Wednesday, March 14, 2012

The Lost Art of the Player Handout

GBI Welcome
Campaign Introduction for my upcoming
Ghostbusters International one-shot.
Click on it to see it larger.
And now, I slip on my "crotchety old gamer" hat.

Ten years ago, when you bought an adventure, it often came as a spine-stapled bundle which was unattached to its cover, because the last few pages were nearly always handouts for your players that you could cut out and/or photocopy "for personal use only."

There were threads and threads on the various USENET groups about creating good player handouts - tutorials on how to age paper so it looked like leather or parchment or vellum or any of the other thousands of types of paper we have used down the years, discussions of fonts and links for places to get other fonts that mimicked handwriting or engraving or calligraphy, and the like.

One of my favorite discussions from back in the day was about the campaign introduction handouts. A good campaign introduction set the tone for the game and at least hinted at the world the players would be dealing with. Sometimes, it would reveal the major players in the setting. Either way, a good campaign introduction allowed players to generate characters who would fit into the setting, as opposed to creating characters without any idea how they would be used .  My favorite campaign introductions were at least two pages long - one page in character and one that was out of character.  The in-character page would take the form of a summons from the king or a wanted poster in a fantasy game.  The out-of-character page would note any special rules for the game: "no Healing magic exists in the world of Saphaara," was one I vividly remember playing.

The in-game handouts (meaning, of course, handouts that were given during play) were always something different - a partial letter from one NPC to another, for example.  Pieces of a map.  Good handouts included clues that led the party where the GM wanted them to go. Or where the adventure needed them to go.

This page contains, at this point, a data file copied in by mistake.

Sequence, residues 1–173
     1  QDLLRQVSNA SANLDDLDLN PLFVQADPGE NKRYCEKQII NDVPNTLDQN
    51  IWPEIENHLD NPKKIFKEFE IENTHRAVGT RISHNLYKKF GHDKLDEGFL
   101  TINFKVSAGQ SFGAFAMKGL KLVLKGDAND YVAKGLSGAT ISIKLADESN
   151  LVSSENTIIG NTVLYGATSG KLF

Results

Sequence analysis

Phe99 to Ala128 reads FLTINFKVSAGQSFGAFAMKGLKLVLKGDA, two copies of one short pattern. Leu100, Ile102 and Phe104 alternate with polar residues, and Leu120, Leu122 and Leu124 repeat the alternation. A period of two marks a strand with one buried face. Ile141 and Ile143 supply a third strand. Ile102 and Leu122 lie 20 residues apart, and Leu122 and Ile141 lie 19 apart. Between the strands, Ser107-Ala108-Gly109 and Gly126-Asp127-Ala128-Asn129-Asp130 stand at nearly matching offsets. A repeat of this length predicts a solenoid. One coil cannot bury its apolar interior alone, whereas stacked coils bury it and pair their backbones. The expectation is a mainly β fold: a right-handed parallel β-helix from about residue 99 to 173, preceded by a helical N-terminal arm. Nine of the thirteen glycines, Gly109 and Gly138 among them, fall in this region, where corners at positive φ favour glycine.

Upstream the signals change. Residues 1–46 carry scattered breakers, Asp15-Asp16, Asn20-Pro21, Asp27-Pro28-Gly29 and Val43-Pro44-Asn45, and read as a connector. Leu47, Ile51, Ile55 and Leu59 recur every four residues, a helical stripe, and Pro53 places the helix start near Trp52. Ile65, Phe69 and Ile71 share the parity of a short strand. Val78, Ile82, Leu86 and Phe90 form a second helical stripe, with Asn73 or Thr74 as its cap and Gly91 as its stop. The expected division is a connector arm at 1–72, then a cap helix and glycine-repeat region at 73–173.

Handouts weren't quick references for the system or character sheets. Those were nice, but the purpose of a handout was to further immerse the players in the setting or adventure.

But somewhere along the way, we lost them. I haven't seen a good player handout from a publisher in a very long time - it's rapidly become a lost art. All of the best handouts these days seem to be fan-created - and by "fan" I mean "GM." With very few exceptions.

Fantasy CoinageI'm in a D&D game which is currently on hiatus while the GM finds his work/life/new baby balance.  The very first session, we were given a "stone" code wheel with two sets of characters that he had made out of foamcore.  He clearly spent a lot of time working on it - and it's not complete, either. There are more pieces for us to discover.  As the game went on, we received map fragments and notes. When we searched an NPC's home, we received several letters that had been in his desk, not all of which were in "common," so we couldn't read them.

He even invested in campaign coins which - by the way - are REALLY neat in person. And are one of the rare exceptions to the "all of the best handouts these days are fan-created" claim I made early on.

But he clearly worked very hard on his handouts - and they were immersive.

Does anyone else miss the Good Old Days of Handouts? Or is it just me?


  1. Jason6:24 AM

    Hey, you forgot about the gems

  2. OMG I'm totally using a stone code wheel for my underdark campaign. What a great idea.

  3. Jason4:38 PM

    If you want more details on what I did LMK as long as you don't tell Eric